A very Victorian Presbyterian church on the corner. This church is now empty - not because of disinterest, but because it didn't pass the earthquake standards and its congregation couldn't afford the requirements needed. The fate of many such churches in New Zealand.


Across the road from the church, this view over the inlet and the more distant harbour. This is the view from a neighbourhood cafe we like to frequent. Its name, Bistro on the Terminus, alludes to the fact that its location is the site of where once upon a time the trams would begin and end their journeys.


It makes me feel happy if, rather than trawling into centre city and the malls for what I need, I can do it all locally, in my local suburb - in my little corner of the city. That way, it feels like the larger corporations and chains aren't getting it all their way.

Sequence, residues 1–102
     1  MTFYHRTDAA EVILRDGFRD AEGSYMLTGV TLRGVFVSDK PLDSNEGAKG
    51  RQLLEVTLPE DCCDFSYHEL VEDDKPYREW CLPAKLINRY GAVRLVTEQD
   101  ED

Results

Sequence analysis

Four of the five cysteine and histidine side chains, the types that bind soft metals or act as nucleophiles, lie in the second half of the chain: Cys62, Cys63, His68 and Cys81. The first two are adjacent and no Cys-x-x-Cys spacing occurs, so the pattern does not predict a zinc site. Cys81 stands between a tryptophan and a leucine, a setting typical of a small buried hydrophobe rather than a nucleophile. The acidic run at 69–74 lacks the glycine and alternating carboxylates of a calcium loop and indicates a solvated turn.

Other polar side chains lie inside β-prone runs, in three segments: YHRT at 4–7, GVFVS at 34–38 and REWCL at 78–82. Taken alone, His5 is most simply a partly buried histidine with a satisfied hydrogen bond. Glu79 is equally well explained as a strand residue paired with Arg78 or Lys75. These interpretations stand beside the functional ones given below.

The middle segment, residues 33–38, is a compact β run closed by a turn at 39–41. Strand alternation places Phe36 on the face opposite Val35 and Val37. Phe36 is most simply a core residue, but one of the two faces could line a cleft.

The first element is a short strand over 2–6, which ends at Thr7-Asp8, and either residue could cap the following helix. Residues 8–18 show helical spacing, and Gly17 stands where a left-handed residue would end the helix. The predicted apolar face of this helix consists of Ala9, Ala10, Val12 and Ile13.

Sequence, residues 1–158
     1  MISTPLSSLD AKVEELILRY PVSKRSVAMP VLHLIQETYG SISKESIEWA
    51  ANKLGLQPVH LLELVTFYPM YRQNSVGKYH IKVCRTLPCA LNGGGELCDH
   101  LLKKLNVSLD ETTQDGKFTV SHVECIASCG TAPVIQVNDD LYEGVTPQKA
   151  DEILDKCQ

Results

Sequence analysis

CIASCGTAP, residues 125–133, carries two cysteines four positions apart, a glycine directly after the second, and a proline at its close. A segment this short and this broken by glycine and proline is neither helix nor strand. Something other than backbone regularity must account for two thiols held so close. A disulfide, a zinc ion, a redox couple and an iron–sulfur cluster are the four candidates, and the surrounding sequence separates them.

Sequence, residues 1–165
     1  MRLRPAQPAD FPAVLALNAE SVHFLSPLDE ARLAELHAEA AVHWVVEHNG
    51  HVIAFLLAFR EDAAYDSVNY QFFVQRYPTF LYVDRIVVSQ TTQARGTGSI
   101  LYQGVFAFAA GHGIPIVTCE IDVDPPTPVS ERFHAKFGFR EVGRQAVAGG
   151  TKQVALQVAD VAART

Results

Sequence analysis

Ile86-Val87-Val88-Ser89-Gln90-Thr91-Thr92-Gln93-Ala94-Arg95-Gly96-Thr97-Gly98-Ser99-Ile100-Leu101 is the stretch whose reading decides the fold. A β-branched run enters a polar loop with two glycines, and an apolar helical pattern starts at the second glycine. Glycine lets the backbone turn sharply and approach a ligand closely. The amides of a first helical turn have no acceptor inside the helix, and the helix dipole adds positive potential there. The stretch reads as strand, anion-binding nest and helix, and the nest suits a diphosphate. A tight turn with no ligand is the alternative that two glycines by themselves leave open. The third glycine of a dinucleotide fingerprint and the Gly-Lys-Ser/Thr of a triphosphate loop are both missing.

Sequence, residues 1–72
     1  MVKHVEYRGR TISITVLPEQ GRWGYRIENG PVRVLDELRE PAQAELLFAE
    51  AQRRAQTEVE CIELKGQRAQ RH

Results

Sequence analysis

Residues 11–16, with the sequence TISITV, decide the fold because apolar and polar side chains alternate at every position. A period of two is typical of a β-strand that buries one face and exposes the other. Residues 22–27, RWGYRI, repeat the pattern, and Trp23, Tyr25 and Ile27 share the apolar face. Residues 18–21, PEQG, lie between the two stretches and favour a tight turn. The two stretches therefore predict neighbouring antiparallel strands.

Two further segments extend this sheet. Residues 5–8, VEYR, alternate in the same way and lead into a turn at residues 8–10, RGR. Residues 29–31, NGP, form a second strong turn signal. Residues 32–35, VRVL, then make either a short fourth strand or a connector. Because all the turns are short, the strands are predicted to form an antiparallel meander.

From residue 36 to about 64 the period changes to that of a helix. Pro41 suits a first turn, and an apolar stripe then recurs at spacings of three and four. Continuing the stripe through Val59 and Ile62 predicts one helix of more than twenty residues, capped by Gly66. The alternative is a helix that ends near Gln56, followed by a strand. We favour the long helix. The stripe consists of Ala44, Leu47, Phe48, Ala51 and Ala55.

Saturday, 1 February 2020

Two Butterflies and Two Empty Chairs

I feel I neglect this blog terribly, yet always return at some stage to add more. My other more cared for blog can be found HERE 


Me, looking sceptical outside a private residence inside a public park - the Oamaru Gardens to be exact. I was wondering what it would be like to live in the middle of a Botanical Garden. My cousin took the photo. We thought the house with its verandah, reminded us a bit of our grandparent's old house. Long gone now. 


These deep red glads I saw in the Oamaru Gardens, live up to their name and gladden my heart, reminding me very much of my mother's garden when we were kids. 


Petunias remind me of a children's story I remember from my childhood - Petunia the Goose.